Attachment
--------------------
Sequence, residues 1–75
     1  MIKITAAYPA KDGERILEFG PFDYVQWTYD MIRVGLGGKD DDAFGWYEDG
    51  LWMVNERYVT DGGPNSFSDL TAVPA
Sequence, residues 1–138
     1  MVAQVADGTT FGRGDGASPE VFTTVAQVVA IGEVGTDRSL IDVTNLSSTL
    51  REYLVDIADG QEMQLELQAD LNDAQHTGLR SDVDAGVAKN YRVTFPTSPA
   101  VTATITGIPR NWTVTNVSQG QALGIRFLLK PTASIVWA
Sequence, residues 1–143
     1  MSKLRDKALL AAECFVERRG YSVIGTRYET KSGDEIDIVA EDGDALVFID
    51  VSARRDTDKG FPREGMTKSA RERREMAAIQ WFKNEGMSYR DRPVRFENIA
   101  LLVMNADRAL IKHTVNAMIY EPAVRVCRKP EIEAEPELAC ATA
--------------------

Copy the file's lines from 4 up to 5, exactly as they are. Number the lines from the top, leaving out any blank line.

Sequence, residues 1–138
     1  MVAQVADGTT FGRGDGASPE VFTTVAQVVA IGEVGTDRSL IDVTNLSSTL